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A committee formed by the Jefferson foundation concluded in 2000 that the weight of evidence suggested Jefferson was most likely the father of Eston, and perhaps the father of all six of Hemings‘ children recorded at Monticello.

The Heritage Society fought back with its own commission, which issued its report in 2001 disputing the conclusions. The 400-page book being released Thursday is the commission’s final product, complete with footnotes and references to rebut the other side’s claims.

Among their evidence:

• Claims that the relationship between Hemings and Jefferson started in Paris are unlikely because she was living with his daughters at their boarding school across the city at the time.

• The “Jefferson family” DNA used in the 1998 test came from descendants of his uncle, which the scholars said means any one of two dozen Jefferson men living in Virginia at the time Eston was conceived could have been the father.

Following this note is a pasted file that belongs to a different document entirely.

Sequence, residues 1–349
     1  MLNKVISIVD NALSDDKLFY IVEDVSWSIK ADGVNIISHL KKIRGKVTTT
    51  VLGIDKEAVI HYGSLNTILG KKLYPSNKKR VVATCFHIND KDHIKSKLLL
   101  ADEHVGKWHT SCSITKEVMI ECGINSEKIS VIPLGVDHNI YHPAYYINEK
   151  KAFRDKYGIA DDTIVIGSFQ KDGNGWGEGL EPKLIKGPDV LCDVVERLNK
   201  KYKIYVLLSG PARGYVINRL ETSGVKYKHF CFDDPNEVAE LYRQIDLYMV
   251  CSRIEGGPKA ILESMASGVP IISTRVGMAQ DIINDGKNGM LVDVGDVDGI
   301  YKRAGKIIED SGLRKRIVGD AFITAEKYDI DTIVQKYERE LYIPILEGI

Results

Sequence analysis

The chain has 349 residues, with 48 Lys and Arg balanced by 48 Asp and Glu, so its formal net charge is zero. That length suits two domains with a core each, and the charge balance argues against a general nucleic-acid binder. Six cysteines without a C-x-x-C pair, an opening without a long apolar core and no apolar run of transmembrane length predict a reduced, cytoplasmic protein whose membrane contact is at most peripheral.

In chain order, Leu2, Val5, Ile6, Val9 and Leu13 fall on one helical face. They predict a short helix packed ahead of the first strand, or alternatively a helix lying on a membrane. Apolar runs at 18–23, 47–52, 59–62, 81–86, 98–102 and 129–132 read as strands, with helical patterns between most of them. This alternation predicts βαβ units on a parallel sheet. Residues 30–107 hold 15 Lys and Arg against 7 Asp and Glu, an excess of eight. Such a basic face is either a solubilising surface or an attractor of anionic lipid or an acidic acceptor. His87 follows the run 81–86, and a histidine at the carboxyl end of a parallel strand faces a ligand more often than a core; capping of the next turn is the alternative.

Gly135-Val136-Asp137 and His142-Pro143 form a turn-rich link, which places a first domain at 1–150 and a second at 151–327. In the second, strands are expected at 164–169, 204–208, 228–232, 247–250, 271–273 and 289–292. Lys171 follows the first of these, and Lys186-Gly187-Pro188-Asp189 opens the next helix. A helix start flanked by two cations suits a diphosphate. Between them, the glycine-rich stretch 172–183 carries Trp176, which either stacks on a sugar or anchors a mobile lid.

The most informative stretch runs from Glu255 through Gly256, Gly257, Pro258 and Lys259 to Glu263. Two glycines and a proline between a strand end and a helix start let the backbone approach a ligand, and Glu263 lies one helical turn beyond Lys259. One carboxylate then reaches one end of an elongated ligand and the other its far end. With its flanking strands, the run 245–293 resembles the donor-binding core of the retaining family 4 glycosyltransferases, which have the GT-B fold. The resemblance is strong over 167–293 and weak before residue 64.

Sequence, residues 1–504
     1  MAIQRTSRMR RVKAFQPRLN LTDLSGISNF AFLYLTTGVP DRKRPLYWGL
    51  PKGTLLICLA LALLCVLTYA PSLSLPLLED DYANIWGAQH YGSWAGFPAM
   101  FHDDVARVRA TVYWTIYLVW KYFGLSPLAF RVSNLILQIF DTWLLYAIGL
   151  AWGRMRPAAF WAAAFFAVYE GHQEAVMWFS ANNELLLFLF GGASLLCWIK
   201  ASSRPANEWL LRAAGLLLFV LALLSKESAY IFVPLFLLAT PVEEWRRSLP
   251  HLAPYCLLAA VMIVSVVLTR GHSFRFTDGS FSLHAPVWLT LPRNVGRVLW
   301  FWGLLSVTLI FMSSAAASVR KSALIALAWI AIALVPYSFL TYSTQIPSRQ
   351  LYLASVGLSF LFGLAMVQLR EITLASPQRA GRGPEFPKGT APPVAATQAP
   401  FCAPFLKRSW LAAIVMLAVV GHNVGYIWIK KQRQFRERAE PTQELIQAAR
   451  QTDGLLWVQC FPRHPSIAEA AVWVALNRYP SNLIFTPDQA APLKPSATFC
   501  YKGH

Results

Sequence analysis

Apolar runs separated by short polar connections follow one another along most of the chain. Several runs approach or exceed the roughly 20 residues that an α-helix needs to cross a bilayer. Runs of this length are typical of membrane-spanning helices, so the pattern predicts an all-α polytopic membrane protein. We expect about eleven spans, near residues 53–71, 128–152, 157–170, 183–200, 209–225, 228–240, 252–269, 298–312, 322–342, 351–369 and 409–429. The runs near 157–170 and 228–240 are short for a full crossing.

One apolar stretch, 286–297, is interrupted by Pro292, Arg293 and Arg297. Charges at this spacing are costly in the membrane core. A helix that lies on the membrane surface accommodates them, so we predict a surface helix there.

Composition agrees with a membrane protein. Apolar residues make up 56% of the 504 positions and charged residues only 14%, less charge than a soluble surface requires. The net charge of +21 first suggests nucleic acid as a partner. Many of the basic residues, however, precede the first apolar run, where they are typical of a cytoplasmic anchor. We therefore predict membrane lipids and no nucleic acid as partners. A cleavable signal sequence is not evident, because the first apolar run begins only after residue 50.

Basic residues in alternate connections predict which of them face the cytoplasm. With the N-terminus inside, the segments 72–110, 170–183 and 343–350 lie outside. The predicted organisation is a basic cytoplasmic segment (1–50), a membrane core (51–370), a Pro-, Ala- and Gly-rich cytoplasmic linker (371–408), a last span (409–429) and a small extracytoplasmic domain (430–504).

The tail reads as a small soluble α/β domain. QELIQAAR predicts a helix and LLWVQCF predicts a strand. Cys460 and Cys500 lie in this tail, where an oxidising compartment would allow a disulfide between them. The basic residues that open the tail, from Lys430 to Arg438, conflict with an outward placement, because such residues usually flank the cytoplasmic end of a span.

• The 1802 rumors centered on Thomas Woodson, who was said to have been one of Hemings‘ children. But tests of three Woodson descendants failed to show a link to Jefferson family DNA. Also, no documentation supports claims he was Hemings‘ child.

• Oral tradition from Eston Hemings’ family initially said he was not the son of the president, but rather of an “uncle” — which the scholars think is a reference to Randolph Jefferson, the president’s brother, who would have been referred to as “uncle” by Jefferson’s daughters.

Of the 13 scholars on the panel, one, Paul A. Rahe, a history professor at Hillsdale College, dissented from the conclusions.

Among the dozen others, their belief in Jefferson’s parentage ranged from “serious skepticism” to a belief that the paternity argument is “almost certainly false.”

In announcing the book’s release, Mr. Turner said he is challenging scholars on the other side of the issue to debate the matter publicly. The scholars will hold a news conference Thursday at the National Press Club to discuss the book.